1 PPACA Health Insurance Exchanges vs. Interstate Health Insurance Compacts Providing Health Care Freedom for Rhode Islanders EXECUTIVE SUMMARY This paper provides a comparison between Interstate Health Insurance Compacts and the Insurance Exchanges authorized under the Patient Protection and Affordable Care Act (PPACA). Recently, some states, such as Wyoming, with about the same population as Rhode Island, enacted legislation authorizing the sale of health insurance by out-of-state insurers through compacts, which are legal agreements between two or more states that, when approved by the U.S. Congress, have the power of federal law. Exchanges are online portals, run by a government agency or nonprofit entity, that attempt to match individuals with affordable health insurance plans. If states do not implement exchanges by 2014, the federal government is empowered to establish them within a state or region. The insurance compact model would create larger markets by encouraging consumer driven purchase of private health plans. They would reconcile health insurance with other interstate offerings such as auto and property insurance, and would create larger risk pools and thus more offerings for both low and high-risk individuals. Opening the market in this way will also create competition among insurers in these larger pools. The obstacles to such compacts are the special interests seeking to prevent competition. Though they may be run by states, exchanges will be under the authority of the federal Health and Human Services department, which will have the authority to determine minimum health insurance requirements and place strict limits on provider premiums. There are various uncertainties regarding implementation, including how to determine eligibility, how to verify eligibility, and how to integrate exchanges with other welfare programs. Most importantly, however, is the cost: exchanges are currently designed to provide Medicaid subsidies to families at 400% of the Federal Poverty Level, adding to an already financially unstable system. Both Massachusetts and Utah have attempted to implement state-based exchanges, and neither have delivered on their goals to lower costs or increase the number of insured. Moving forward, It is OSPRI s position that Rhode Island should pursue compacts with other states, incorporate existing industry mechanisms that have proven effective in regulating other insurance products, work to encourage the U.S. Congress to eliminate interstate trade barriers entirely, and refuse to further implement PPACA exchanges while implementing compacts. This paper was adapted from a report by Regina Meena of the Wyoming Liberty Group,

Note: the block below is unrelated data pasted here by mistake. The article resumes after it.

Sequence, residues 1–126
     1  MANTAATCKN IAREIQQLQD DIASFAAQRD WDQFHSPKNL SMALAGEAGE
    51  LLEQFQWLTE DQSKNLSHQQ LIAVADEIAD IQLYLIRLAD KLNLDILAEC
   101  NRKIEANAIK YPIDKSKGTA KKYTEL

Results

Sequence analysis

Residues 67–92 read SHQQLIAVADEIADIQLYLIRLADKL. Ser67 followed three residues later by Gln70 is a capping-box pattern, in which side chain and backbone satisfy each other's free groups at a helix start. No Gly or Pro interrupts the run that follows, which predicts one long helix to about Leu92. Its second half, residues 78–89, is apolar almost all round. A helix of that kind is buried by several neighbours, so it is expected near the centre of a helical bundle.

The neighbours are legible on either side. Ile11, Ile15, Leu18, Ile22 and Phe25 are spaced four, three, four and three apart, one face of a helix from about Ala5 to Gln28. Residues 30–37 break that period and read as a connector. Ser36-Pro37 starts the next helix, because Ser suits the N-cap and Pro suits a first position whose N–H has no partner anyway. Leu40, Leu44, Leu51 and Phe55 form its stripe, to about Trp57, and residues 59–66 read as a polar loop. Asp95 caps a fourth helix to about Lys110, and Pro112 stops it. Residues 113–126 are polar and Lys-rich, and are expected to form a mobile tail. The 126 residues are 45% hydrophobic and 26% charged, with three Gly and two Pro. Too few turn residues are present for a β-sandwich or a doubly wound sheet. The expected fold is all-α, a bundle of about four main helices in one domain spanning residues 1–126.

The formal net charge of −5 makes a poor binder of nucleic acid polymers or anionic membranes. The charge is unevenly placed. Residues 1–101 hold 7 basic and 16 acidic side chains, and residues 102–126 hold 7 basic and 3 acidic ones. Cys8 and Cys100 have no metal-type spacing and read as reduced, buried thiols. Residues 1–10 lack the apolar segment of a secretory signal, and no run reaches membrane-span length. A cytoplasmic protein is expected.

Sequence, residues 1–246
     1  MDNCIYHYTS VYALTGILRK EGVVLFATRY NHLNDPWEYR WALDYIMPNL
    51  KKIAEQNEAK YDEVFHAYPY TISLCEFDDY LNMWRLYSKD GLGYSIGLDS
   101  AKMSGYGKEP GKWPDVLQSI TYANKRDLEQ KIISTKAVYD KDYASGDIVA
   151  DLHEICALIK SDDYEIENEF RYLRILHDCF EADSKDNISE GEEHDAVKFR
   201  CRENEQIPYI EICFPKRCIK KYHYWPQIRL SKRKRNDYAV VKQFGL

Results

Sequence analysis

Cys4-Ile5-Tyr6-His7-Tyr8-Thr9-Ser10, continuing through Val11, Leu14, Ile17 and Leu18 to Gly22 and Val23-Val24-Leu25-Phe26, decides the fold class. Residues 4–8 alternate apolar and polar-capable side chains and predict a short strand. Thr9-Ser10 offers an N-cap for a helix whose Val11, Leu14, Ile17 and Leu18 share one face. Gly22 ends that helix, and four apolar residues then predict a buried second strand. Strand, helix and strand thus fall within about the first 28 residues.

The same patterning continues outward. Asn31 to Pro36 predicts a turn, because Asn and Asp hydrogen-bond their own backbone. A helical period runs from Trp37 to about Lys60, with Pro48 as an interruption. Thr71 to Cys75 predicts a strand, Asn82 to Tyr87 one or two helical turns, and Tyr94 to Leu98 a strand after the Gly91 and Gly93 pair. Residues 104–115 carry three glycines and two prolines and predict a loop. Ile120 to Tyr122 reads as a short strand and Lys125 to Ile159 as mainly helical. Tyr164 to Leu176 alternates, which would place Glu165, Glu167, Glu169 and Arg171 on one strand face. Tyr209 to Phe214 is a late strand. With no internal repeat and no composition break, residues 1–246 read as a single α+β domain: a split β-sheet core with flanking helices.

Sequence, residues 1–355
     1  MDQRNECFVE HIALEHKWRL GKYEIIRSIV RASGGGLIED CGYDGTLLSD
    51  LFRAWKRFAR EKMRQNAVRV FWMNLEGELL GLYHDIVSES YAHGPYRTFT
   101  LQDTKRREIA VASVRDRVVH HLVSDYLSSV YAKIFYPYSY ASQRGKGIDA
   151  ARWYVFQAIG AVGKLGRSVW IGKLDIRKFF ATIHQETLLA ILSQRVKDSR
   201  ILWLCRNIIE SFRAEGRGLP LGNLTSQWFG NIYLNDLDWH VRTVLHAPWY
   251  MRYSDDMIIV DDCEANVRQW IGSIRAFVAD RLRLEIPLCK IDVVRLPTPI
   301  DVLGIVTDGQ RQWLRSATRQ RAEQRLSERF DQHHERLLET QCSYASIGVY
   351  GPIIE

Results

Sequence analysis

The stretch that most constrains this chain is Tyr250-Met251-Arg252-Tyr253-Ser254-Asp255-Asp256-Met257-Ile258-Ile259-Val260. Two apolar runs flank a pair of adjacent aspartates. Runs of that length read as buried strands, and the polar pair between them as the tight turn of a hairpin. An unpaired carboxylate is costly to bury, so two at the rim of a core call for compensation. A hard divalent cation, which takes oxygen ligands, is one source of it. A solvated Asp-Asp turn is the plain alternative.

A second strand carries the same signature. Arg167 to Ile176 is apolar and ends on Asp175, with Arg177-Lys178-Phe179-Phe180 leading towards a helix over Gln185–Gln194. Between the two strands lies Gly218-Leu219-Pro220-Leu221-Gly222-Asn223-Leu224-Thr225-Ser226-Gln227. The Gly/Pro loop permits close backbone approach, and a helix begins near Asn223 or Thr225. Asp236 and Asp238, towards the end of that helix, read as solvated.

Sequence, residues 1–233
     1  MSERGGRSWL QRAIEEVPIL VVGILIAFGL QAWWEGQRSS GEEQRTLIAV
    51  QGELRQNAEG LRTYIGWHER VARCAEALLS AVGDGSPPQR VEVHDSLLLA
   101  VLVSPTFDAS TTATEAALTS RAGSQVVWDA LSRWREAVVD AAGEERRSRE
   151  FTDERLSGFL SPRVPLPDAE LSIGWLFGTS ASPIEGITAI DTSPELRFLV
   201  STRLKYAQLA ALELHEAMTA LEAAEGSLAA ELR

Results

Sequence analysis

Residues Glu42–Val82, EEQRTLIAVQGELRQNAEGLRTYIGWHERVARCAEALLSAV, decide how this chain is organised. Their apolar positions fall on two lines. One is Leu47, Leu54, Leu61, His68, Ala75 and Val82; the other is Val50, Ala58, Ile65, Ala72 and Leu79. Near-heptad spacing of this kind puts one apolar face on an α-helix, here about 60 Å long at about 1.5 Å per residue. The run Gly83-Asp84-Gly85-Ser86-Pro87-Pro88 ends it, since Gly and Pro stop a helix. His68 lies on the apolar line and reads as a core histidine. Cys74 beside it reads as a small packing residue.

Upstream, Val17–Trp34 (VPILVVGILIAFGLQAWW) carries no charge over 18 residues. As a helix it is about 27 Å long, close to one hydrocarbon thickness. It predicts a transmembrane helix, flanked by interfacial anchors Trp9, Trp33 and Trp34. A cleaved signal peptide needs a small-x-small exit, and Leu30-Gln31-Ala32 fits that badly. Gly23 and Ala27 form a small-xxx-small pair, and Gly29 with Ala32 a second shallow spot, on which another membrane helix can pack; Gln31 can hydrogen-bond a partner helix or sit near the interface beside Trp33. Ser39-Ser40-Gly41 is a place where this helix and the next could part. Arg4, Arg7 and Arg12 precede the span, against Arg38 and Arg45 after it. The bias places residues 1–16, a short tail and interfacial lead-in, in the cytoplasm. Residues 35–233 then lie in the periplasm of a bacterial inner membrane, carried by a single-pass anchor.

2 INTRODUCTION This paper provides a comparison between two health insurance delivery models, Interstate Health Insurance Compacts and the Exchanges authorized under the Patient Protection and Affordable Care Act (PPACA). Each model is built upon essential components whose collective arrangement proposes to lower health care costs, increase access to health services and increase the number of citizens covered by health insurance. A comparison of the most important components allows the reader to consider which model will most likely deliver the proposed results and why it is important in health care reform. INTERSTATE HEALTH INSURANCE COMPACTS Rhode Island should consider legislation authorizing the sale of Rhode Island health insurance by out-of-state insurers through interstate compacts. This model would recognize the need of individuals seeking medical and surgical health insurance coverage in this state to have the opportunity to choose among competitive medical and surgical health insurance plans that are affordable and flexible. 1 Compacts are legal agreements between two or more states, by which each state voluntarily gives up sovereignty to the compact. Because they bind the states, courts have found that interstate compacts trump conflicting statutes passed by the member state, as long as the states belong to the compact in question. 2 Sixteen states have considered laws to allow interstate health insurance since 2007, with 13 proposing this law during the 2009 and 2010 sessions.3 The interstate health insurance compact model would create larger markets through a move toward individual purchase of private health plans. Individual purchase means plans are bought directly from an insurance company instead of purchasing them through group (employer) offerings. This is how we currently purchase other insurance products like auto, property, life and etc. These individual markets create larger risk pools among several states, a distinct advantage over Rhode Island s small risk pools. Larger risk pools also increase access to both care and insurance for high-cost individuals traditionally covered by small groups, who are twice as likely to end up uninsured as high cost individuals covered in larger individual markets. The reason for this is that larger risk pools capture critical market share.4 Critical market share is the essential number of people paying into a plan, creating a solvent fund for payment of medical services offered through that plan. Compacts have the flexibility to allow for vouchers for high risk, or low-income purchasers. Vouchers are government subsidized payments that can be exchanged for specific goods or services. They allow lowincome purchasers to buy private insurance policies of their choice and leave governmentrun health programs. Compacts could contain large group plans that are governed by the Employee Retirement Income Security Act (ERISA) and exempt from state regulation and Association Group Insurance (such as the popular American Automobile Association), which are different from Association Health Plans (AHP) like Medicare Advantage. The recently revised National Association of Insurance Commissioners (NAIC) Group Health Insurance Definition and Group Health Insurance Standard Provisions Model Act recognizes association group insurance.5 Compacts also create competition. When insurance companies compete to see who can manage and price their plans best, consumers have an affordable product. States have ensured portability and competition in other lines of insurance through compacts. By moving from group (employer) sponsored health insurance to individual purchase of health insurance, coverage follows the insured from state to state and employer to employer